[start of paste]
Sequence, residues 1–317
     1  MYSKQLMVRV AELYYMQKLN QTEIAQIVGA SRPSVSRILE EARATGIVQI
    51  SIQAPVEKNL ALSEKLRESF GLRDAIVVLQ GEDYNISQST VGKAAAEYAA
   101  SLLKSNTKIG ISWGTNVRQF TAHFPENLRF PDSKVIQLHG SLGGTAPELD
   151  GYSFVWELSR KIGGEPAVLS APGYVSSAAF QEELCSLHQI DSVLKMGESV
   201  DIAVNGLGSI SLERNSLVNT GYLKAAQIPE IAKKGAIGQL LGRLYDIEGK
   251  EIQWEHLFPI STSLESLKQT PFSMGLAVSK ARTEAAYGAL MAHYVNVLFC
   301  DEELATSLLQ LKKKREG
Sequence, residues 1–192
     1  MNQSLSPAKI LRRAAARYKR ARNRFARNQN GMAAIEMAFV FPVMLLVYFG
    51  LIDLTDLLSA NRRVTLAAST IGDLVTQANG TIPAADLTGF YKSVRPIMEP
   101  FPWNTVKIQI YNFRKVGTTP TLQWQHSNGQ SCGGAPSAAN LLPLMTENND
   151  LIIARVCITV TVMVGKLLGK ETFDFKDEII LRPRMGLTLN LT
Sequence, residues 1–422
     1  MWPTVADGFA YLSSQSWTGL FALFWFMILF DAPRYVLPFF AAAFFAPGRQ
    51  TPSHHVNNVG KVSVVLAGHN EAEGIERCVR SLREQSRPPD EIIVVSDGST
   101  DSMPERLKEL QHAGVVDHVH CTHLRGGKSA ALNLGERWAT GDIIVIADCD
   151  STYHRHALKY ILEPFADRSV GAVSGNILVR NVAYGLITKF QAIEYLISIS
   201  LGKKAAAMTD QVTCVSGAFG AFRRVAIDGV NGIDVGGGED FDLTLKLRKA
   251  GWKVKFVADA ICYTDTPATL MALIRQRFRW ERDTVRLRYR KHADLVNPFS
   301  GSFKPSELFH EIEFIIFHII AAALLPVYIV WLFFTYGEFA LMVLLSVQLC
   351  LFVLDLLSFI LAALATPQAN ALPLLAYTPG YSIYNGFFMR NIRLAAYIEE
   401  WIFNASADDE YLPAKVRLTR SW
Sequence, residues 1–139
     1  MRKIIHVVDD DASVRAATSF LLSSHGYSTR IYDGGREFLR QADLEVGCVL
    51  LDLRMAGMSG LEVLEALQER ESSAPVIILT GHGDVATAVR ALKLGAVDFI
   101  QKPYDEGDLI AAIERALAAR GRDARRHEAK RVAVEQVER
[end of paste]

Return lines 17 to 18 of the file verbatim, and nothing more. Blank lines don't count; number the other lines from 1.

   101  DSMPERLKEL QHAGVVDHVH CTHLRGGKSA ALNLGERWAT GDIIVIADCD
   151  STYHRHALKY ILEPFADRSV GAVSGNILVR NVAYGLITKF QAIEYLISIS